Prioritize product knowledge within your sales team by making sure your sellers are product experts. Offer periodic demos, loop in your sellers during relevant product development meetings, and put them in the driver’s seat of your product or service.

2. Sellers lack the necessary skills

In today’s competitive and fast-paced sales environment, some sellers might lack the necessary skills to be as effective as sales leaders need them to be in order to grow the business. 

The best way to combat this phenomenon is to provide ongoing training for your sales reps on how to do better prospecting, connect over the phone, build empathy, and reach key decision-makers.

3. Lack of motivation

Sales isn’t always stable. Given that sellers can’t guarantee when or if deals will close, sales results will always be somewhat inconsistent – and it’s hard to take inconsistent sales results and maintain a consistent sales motivation.

If you find that lack of motivation is the issue when implementing your sales plan, focus on building a strong company culture by improving your rewards plan or investing in team-building events.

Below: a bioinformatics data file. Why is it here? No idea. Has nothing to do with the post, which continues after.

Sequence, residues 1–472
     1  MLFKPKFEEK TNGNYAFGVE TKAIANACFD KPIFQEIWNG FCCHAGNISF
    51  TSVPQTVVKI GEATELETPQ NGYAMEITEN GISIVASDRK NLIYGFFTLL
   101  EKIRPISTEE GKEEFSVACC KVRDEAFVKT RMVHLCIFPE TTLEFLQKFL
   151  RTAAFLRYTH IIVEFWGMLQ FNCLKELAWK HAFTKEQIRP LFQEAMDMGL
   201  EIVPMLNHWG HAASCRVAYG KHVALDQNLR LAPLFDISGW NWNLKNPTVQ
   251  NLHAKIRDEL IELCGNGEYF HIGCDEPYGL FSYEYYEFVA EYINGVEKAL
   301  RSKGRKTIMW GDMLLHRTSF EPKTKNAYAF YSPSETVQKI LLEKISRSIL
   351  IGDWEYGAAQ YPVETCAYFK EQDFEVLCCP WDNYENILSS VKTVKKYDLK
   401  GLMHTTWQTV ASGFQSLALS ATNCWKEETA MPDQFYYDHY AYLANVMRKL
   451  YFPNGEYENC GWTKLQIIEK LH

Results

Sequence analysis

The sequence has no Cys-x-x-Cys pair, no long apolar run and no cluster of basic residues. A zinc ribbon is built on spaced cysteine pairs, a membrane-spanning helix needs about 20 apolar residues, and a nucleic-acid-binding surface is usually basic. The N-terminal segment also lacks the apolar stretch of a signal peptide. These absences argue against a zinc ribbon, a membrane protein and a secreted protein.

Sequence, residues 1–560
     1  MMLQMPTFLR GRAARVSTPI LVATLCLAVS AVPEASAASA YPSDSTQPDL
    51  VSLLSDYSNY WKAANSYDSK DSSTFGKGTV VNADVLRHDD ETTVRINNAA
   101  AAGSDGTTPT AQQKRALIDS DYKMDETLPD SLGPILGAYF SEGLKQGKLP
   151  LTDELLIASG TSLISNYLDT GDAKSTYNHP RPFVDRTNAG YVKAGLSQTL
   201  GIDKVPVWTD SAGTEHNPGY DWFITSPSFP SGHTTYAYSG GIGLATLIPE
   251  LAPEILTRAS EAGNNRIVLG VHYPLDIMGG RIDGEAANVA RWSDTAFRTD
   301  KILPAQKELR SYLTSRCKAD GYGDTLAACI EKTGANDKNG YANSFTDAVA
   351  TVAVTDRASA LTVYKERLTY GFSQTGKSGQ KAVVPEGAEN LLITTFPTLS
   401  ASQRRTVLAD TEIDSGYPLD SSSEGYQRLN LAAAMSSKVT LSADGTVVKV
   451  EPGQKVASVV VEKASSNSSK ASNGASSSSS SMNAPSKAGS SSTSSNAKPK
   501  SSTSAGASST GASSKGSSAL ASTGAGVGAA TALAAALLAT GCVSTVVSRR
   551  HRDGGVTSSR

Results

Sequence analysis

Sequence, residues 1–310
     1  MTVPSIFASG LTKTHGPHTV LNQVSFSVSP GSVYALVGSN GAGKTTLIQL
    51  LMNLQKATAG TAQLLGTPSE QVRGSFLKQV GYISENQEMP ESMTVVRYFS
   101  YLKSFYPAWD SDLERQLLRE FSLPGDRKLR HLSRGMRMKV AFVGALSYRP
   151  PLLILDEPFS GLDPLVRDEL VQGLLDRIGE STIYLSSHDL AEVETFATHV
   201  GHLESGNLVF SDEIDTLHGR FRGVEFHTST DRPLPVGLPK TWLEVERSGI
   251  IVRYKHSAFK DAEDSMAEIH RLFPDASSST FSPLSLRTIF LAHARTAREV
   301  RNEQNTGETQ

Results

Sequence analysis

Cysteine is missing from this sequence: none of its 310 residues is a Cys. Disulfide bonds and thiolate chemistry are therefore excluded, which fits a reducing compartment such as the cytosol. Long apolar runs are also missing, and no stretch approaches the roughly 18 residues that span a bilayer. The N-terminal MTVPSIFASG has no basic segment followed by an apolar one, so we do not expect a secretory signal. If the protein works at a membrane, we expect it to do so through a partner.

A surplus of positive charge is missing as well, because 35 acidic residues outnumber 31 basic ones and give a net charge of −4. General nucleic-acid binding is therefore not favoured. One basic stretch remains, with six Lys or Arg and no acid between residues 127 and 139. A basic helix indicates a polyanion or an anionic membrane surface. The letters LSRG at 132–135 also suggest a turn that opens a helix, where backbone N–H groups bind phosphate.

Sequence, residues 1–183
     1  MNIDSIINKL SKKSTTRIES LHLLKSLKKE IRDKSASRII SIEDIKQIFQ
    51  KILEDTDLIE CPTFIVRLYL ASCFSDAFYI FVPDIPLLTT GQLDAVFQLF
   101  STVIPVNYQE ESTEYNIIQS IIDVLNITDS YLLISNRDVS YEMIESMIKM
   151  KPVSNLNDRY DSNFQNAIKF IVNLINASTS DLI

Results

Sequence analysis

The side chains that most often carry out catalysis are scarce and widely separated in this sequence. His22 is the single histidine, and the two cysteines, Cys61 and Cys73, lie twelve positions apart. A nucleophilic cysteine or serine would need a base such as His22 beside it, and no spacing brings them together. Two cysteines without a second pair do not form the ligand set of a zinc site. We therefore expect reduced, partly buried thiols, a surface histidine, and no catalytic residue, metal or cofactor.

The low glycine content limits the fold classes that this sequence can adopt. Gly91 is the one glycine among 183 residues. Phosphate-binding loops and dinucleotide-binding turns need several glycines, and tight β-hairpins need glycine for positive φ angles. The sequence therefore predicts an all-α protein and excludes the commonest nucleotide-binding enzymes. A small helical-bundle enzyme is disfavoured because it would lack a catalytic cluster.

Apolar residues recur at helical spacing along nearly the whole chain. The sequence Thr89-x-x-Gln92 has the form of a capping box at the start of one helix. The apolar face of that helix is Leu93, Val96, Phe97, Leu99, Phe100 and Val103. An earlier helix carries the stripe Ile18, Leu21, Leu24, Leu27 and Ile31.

4. Sales team productivity

Low productivity can have a multitude of underlying causes, such as: 

  • Not prioritizing leads correctly 
  • Struggling with the most operational part of the sales role 
  • CRM software is too complex 
  • Sales tools are out-of-date

The solution will depend on your unique team culture, but could be as straightforward as providing a user manual for your software, hiring someone new who can bring in a fresh perspective, or developing your own all-encompassing sales training program.

5. No response from prospects

Few things hurt more than spending time on a plan and pitch, only to get crickets from your prospect in return.